The third demonstration is a lot quieter than the previous two and has been lasting for quite some time. The reason is a sad one. During my last year as a journalist, I watched on in horror as the ferry sank and took the lives of so many young high school students. It is painful to watch the sinking, to imagine the horror that these students had to go through, the video recordings of these students sitting quietly in their cabin after being told by the crew while the ferry sank and the cries from the parents who said farewell to their child. Several tents were set up to remind people of the tragic event.
No news is big news and no news lasts forever. Media was caught in a frenzy when the incident happened and now things have died down. The very reason for these tents is so that people do not forget about what happened. I stepped inside the shrine and bowed. I looked up and saw the faces of the young students….all children of S.Korea and unfortunately no longer with us today. May you rest in peace my dears.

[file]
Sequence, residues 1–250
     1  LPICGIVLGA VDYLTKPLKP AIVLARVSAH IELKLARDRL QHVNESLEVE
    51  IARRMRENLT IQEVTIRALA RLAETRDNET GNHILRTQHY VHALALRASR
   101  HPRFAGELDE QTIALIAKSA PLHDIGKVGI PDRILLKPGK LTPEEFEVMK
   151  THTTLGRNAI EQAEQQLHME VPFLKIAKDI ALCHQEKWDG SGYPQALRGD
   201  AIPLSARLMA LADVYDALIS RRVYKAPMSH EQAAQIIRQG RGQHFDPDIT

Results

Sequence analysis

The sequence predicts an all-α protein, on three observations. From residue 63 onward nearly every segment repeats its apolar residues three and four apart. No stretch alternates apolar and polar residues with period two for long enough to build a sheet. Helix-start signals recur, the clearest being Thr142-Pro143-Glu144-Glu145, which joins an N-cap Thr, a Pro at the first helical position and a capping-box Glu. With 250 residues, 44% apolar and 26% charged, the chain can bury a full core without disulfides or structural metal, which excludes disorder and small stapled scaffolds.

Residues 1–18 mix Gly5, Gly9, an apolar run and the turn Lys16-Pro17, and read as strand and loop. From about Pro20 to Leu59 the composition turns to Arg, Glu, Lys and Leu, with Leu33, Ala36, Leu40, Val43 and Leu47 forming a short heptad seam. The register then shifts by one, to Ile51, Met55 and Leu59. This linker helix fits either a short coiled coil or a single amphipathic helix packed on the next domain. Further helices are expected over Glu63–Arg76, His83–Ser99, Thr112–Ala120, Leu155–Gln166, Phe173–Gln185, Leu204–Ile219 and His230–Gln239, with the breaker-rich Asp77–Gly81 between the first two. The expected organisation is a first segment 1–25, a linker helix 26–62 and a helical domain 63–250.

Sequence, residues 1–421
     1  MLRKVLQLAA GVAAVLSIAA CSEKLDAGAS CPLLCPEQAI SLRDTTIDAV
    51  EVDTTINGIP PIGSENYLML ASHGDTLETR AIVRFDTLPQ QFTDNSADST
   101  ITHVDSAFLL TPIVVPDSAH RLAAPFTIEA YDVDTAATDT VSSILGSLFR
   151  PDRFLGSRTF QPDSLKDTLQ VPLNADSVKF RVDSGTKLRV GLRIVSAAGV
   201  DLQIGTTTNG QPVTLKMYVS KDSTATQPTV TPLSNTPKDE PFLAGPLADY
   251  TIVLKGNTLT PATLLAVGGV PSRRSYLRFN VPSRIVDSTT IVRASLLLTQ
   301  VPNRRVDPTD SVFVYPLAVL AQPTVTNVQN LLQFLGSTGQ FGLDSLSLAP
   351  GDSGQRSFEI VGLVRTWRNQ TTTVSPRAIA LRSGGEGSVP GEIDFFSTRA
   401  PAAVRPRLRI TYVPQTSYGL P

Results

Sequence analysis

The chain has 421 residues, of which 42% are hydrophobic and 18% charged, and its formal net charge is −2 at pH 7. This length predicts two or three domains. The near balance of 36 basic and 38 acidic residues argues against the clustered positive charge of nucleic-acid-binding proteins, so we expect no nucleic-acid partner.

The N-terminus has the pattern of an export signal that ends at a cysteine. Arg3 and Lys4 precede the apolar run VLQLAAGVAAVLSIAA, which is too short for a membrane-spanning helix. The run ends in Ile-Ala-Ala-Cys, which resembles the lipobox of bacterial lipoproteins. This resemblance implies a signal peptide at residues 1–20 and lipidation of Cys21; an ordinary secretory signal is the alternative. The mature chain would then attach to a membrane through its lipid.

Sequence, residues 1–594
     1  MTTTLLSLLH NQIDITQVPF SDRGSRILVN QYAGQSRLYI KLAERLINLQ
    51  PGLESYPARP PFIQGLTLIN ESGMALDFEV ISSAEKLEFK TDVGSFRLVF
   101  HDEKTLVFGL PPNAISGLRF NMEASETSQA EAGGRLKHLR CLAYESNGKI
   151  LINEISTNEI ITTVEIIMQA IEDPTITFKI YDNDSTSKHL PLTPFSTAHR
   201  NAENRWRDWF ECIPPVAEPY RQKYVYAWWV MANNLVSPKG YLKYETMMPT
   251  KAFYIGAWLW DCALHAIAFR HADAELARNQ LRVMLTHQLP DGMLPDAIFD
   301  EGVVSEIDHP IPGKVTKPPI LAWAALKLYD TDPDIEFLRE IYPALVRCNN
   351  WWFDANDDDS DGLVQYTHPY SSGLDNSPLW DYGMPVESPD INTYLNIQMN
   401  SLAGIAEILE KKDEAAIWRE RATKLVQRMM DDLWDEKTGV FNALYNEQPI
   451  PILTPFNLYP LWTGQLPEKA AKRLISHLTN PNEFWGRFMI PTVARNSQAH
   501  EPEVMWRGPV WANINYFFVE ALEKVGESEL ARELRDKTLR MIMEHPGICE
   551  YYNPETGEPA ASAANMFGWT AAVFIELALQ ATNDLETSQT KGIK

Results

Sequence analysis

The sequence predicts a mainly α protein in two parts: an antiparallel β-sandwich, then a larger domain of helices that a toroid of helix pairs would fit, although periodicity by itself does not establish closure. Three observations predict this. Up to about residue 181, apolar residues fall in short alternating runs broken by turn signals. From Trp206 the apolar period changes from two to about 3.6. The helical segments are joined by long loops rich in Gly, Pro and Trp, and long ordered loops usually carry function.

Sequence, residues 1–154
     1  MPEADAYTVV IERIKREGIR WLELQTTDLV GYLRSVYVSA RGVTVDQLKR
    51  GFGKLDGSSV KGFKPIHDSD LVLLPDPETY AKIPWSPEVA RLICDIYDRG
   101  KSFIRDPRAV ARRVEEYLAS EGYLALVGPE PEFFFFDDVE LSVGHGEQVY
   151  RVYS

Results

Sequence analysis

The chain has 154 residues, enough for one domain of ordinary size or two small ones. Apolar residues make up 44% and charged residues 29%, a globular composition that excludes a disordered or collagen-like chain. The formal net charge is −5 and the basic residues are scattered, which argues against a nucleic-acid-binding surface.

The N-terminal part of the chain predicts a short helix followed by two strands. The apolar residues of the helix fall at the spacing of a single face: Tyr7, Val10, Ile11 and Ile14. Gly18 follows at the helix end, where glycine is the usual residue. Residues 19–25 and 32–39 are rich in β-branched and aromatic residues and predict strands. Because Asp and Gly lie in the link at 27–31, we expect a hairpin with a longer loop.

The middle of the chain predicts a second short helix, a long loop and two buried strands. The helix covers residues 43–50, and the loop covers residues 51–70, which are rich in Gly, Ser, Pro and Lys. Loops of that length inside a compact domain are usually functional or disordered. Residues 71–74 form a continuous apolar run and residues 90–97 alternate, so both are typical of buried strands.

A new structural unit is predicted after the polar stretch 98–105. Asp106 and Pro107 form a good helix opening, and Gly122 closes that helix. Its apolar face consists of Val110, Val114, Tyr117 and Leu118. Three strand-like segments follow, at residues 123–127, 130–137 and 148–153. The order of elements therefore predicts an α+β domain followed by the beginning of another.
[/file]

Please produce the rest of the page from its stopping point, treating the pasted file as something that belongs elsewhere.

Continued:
Incheon Airport, 90 minutes away on the Airport Express Bus (10,000 won each way), is a wonderfully designed and fun place. I didn’t want to leave and fly 90 mins back to Shanghai but then I know that when my darling Soo-Jin gets married, I will be back to celebrate the wonderful day with her and her family. To kill time, I was treated to a mini concert and a Hangeul ink-engraving experience at Korean Cultural Centre.
As I sat there quietly making my own copy of Korea’s first alphabet, I wondered why China can’t do this! It won’t kill you to ask musicians to play some musical piece at your airport nor will it be tough to set up Chinese Cultural Centres where visitors can have hands on experiences such as calligraphy, Kung Fu, tea tasting, 56 ethnic minorities costume dress ups, art, etc the list goes on. What is painful for me to watch is the lack of self-respect and appreciation for one’s own culture. You need to preserve it- promote it and appreciate it! Don’t complain when Japan, S.Korea and other Asian nations successfully apply for UNESCO or international recognition for a cultural activity or element which first started in China. Come on Chinese policymakers! FACEPALM!